Mayweather, unsurprisingly, hung up his gloves at 50-0 and became boxing’s first billion dollar fighter. Unbeaten throughout his entire professional career, he left with barely a scratch on his face, having earned more money than any other boxer. He revolutionised the pay-per-view landscape and flew into the sunset, on his terms, as a filthy-rich winner. Boxing? Mayweather completed it.
He now has the Mayweather Boxing Club in Las Vegas, a strip club called Girl Collection, a garage filled with rare million dollar cars, a “Billionaire” watch worth $18 million, luxurious mansions, and two private jets. He even flew one of those planes to the other side of the planet just to take an Instagram photo earlier this year.
‘Becoming a farce’
Still, that doesn’t appear to be enough for Mayweather, who clearly wants to fight once more.
He announced a rematch with his former opponent Pacquiao at a nightclub in Japan two months ago, told TMZ Sports in October that he was “absolutely” fighting the UFC lightweight champion Khabib Nurmagomedov, and then held a press conferance to confirm a comeback against the relatively obscure Rizin kickboxer Tenshin Nasukawa, a 20-year-old who likes anime, aliens, and Harry Potter. Within days, he claimed he was “blindsided” and pulled the plug on the December 31 show in Saitama City.
As Shannon Sharpe, the popular panelist on “Skip and Shannon: Undisputed,” said on Fox Sports 1: “These things are becoming a farce.”
The fight game is littered with great athletes who take one fight too many as some boxers just don’t know when to call it quits.
The former three-time heavyweight champion Muhammad Ali “retired” after he avenged his previous defeat to Leon Spinks by beating him in front of 70,000 fans in Louisana in 1978. Ali should have stayed retired, but an $8 million offer lured him into a fight against jab maestro Larry Holmes two years later. Ali, showing signs of trembling hands and stuttering speech, was obliterated in 10 rounds by Holmes. That should have been enough, but Ali still refused to accept the call of retirement and fought Trevor Berbick in 1981, losing by unanimous decision.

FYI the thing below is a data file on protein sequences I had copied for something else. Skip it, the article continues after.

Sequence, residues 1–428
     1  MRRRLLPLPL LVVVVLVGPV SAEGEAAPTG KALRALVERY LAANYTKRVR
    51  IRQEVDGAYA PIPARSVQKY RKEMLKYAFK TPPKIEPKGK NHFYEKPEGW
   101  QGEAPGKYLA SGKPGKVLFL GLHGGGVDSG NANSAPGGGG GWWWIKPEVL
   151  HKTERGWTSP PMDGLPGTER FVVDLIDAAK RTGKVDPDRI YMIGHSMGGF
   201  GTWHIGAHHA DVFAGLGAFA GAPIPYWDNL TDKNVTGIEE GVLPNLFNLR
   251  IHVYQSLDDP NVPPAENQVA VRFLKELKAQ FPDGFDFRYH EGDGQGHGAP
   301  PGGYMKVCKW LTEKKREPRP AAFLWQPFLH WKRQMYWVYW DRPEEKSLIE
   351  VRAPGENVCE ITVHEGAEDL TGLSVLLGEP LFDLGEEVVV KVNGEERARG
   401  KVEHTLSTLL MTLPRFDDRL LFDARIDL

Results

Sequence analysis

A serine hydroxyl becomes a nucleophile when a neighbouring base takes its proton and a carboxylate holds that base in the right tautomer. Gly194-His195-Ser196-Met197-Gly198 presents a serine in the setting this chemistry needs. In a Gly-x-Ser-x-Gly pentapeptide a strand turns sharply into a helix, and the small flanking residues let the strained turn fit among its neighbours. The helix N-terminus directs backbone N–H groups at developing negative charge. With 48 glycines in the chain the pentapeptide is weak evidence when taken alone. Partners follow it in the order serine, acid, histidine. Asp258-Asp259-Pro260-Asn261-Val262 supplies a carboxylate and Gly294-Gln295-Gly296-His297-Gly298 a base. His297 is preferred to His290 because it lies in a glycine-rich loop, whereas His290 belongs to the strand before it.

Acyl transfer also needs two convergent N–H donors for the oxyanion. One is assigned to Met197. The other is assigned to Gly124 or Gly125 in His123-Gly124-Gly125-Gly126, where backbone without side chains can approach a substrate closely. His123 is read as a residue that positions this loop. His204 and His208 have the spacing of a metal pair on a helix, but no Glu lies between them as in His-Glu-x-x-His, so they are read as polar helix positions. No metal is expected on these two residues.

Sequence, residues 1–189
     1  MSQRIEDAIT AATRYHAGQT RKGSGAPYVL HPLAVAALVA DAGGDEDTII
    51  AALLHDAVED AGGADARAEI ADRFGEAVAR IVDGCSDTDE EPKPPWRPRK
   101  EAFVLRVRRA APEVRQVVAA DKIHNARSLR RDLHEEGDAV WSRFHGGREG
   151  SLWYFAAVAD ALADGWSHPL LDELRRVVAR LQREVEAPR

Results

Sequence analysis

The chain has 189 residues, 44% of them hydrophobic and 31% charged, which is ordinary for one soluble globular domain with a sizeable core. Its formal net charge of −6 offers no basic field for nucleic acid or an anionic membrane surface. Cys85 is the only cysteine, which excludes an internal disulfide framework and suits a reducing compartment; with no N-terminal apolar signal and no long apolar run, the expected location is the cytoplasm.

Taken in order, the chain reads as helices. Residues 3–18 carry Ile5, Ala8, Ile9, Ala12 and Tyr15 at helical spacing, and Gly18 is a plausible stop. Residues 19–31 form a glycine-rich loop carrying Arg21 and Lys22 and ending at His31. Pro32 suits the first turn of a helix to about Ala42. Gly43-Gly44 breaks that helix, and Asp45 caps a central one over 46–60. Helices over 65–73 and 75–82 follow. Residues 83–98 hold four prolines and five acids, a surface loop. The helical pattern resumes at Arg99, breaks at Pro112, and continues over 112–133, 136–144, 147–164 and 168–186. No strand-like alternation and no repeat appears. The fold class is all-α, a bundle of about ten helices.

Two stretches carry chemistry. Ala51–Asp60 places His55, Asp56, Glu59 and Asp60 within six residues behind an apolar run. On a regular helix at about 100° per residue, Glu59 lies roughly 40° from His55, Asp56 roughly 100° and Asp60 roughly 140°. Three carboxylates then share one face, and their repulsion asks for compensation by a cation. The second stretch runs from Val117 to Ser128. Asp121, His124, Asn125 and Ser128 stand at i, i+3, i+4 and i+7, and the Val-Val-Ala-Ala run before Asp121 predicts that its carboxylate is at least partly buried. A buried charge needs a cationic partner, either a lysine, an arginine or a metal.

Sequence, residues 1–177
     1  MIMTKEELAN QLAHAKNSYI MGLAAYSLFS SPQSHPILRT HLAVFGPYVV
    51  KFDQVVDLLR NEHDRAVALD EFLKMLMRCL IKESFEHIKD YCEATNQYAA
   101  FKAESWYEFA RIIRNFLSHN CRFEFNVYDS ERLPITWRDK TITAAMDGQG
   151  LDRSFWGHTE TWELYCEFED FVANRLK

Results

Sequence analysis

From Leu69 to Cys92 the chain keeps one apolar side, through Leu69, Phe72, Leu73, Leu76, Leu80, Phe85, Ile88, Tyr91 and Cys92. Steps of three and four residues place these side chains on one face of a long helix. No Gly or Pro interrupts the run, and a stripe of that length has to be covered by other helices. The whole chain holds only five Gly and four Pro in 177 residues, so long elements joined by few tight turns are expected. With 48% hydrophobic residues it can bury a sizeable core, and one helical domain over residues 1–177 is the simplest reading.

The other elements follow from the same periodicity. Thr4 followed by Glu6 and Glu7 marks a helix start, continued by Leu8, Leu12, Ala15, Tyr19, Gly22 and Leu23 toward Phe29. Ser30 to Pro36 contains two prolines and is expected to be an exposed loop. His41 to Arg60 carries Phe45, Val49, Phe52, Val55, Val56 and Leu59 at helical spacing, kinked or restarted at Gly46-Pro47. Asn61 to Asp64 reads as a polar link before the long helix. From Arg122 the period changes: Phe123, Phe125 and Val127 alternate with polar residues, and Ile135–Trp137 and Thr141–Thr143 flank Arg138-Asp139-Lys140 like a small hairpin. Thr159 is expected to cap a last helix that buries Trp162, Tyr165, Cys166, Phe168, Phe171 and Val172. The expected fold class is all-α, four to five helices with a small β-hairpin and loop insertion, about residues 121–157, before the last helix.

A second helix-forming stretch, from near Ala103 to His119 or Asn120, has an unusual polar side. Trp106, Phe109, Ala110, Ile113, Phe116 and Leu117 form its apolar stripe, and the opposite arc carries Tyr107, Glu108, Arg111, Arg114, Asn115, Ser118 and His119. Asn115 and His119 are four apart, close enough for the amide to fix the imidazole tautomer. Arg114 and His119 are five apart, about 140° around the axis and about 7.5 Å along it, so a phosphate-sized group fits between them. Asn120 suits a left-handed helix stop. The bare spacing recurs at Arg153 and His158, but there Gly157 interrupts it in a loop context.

And Ali is not alone.
Former “Baddest Man on the Planet” Mike Tyson didn’t know when to call it quits as he was embarrassed in three of his last four fights. His 2004 and 2005 losses to Danny Williams and Kevin McBride would likely have been reversed had he fought them earlier in his career, but Tyson took the fights, lost badly, and ended his career on a low.
Even Roy Jones Jr., the fabulously-athletic sharpshooter, should have retired for good when he won a heavyweight world title having begun his career as a junior middleweight. But after his landmark 2003 decision win over John Ruiz, he lost eight times in 15 years and his record, and legacy, has suffered as a result.
Mayweather could end up as boxing’s next cautionary tale. The man has been fighting’s biggest box office attraction for over a decade, but his magic act is stale. It is time for him to disappear into retirement forever.
If he doesn’t, he will likely keep returning until one day he loses. Then, his record, that undefeated and unbeatable legacy he has built since 1998, will be lost forever.
That would be a crying shame – but the one crying would be Mayweather.